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Supplementary Material for: Physiological and Cognitive Determinants of Dual-Task Costs for Gait Parameters: The Yishun Study

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posted on 22.03.2021, 14:35 by Lau L.K., Mallya J.U., Pang W.J.B., Chen K.K., AbdulJabbar K., Seah W.T., Yap P.L.K., Ng T.P., Wee S.L.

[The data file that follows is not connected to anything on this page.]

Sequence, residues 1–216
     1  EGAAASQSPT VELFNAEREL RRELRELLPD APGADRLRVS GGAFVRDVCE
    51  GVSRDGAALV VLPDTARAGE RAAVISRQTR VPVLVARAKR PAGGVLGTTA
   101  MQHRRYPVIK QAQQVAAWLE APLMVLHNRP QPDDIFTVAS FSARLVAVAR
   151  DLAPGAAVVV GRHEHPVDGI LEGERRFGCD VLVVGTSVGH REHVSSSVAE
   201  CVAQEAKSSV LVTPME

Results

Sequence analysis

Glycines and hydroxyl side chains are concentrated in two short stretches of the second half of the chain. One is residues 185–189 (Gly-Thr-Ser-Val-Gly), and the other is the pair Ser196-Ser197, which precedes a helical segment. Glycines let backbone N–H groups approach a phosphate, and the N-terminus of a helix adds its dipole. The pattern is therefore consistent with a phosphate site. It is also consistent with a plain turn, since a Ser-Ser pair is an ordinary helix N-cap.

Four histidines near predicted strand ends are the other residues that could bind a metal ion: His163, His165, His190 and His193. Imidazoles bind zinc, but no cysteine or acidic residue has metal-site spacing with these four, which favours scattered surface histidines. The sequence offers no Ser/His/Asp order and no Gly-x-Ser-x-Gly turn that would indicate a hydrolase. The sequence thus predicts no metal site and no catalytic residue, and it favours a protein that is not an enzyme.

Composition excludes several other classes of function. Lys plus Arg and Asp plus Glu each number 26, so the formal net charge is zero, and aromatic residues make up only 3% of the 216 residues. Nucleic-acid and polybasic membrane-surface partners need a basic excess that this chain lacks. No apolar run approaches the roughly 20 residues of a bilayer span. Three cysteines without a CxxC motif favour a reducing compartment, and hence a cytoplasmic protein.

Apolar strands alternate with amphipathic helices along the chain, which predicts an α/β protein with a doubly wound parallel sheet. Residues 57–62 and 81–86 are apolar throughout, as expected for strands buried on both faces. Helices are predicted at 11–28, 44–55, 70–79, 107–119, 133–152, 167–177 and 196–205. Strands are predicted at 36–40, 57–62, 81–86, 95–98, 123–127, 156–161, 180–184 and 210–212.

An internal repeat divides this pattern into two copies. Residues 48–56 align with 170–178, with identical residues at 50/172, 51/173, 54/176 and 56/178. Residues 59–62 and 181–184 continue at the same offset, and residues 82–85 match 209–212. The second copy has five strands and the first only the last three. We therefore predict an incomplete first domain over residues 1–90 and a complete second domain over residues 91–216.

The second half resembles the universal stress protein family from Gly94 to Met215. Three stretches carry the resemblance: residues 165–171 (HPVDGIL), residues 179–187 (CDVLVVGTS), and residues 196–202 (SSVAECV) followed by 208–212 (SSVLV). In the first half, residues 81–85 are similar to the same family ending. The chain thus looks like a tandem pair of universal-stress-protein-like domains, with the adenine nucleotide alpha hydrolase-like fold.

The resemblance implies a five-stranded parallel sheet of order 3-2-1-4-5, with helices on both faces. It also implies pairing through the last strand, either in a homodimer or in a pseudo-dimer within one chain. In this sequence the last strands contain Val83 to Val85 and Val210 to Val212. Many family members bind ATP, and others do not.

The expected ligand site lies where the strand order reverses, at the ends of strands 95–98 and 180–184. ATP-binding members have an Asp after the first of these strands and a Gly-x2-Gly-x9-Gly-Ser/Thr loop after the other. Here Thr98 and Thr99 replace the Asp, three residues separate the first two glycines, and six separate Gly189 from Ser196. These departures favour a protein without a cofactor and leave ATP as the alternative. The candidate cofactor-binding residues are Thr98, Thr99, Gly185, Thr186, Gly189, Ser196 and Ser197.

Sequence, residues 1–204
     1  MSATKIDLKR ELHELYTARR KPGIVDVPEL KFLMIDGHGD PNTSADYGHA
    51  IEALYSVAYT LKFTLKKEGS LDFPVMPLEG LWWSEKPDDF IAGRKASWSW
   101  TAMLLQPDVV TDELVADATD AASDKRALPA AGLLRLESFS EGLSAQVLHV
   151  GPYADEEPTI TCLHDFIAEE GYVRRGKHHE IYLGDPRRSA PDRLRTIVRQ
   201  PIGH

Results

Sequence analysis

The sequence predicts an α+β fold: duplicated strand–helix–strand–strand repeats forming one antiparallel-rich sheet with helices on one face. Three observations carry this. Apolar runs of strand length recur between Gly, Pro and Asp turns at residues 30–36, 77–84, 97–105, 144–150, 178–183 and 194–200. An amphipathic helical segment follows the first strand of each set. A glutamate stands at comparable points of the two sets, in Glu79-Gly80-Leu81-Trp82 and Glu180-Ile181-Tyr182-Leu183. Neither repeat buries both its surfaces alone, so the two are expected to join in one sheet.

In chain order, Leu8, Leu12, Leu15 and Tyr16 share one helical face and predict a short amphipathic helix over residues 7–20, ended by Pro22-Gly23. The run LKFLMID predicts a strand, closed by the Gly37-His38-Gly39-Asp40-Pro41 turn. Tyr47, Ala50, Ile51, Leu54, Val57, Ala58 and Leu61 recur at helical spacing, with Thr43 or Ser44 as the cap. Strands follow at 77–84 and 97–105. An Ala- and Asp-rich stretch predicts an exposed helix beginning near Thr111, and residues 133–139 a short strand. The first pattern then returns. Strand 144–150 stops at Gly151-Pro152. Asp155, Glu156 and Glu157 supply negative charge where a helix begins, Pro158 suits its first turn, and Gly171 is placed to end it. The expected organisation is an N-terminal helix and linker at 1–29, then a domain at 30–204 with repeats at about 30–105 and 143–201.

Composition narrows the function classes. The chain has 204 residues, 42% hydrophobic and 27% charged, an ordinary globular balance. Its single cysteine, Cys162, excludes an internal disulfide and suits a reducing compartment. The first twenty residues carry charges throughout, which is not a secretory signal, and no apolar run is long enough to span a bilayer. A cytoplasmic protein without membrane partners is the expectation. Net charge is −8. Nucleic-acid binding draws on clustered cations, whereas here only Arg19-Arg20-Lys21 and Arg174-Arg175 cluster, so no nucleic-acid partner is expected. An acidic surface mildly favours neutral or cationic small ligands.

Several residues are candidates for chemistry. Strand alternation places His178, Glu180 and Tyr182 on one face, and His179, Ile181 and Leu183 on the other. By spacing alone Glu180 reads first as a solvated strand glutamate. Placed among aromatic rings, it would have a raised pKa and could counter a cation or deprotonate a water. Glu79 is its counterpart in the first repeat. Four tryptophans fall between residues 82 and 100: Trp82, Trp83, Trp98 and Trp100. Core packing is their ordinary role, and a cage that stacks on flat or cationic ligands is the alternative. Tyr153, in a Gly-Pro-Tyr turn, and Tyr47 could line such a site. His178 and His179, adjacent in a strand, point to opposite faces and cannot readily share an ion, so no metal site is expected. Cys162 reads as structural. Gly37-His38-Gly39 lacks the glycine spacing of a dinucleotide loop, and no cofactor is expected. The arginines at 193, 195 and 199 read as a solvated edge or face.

Background: Studies indicate that physiological and cognitive aging are causally related and functionally interdependent. However, the relative contribution of physiological factors and cognition to dual-task costs (DTC) of gait parameters has not been well studied. In this cross-sectional study, we examined the trajectory of DTC of gait parameters across the adult age spectrum for both sexes and identified the contributions of physical and cognitive performance to DTC of gait. Methods: A total of 492 community-dwelling adults, aged 21–90 years, were randomly recruited into the study. Participants were divided into 7 age groups, with 10-year age range for each group. Demographic data, height, body mass, education level, and information on comorbidities were recorded. Cognition was measured using the Repeatable Battery for the Assessment of Neuropsychological Status. Physical performance included visual contrast sensitivity, postural sway, hand reaction time, handgrip strength, knee extensor strength, and single-task and dual-task gait assessments. Stepwise multivariable regression was used to examine the association between physical and cognitive performance with DTC of gait parameters. Results: Women were found to have significantly higher DTC of gait speed (p = 0.01), cadence (p < 0.01), and double support time (p < 0.01) than men. However, significant aging effect on DTC of gait speed (p = 0.01), step length (p = 0.01), and double support time (p = 0.01) was observed in men but not in women. Immediate memory was the primary determinant for the DTC of gait speed (β = −0.25, p < 0.01), step length (β = −0.22, p < 0.01), and cadence (β = −0.15, p = 0.03) in men. Besides immediate memory, postural sway (β = −0.13, p = 0.03) and hand reaction (β = 0.14, p = 0.02) were also significantly associated with DTC of step length and cadence, respectively, in women. Conclusion: There were sex differences in the amplitude and trajectories of DTC of gait parameters. The DTC increased with age in men but not in women. Immediate memory was the primary determinant of DTC of gait parameters in men while immediate memory, postural sway, and reaction time were associated with DTC of gait in women. Future studies should investigate the clinical implications of the sex differences in the DTC with fall risks.

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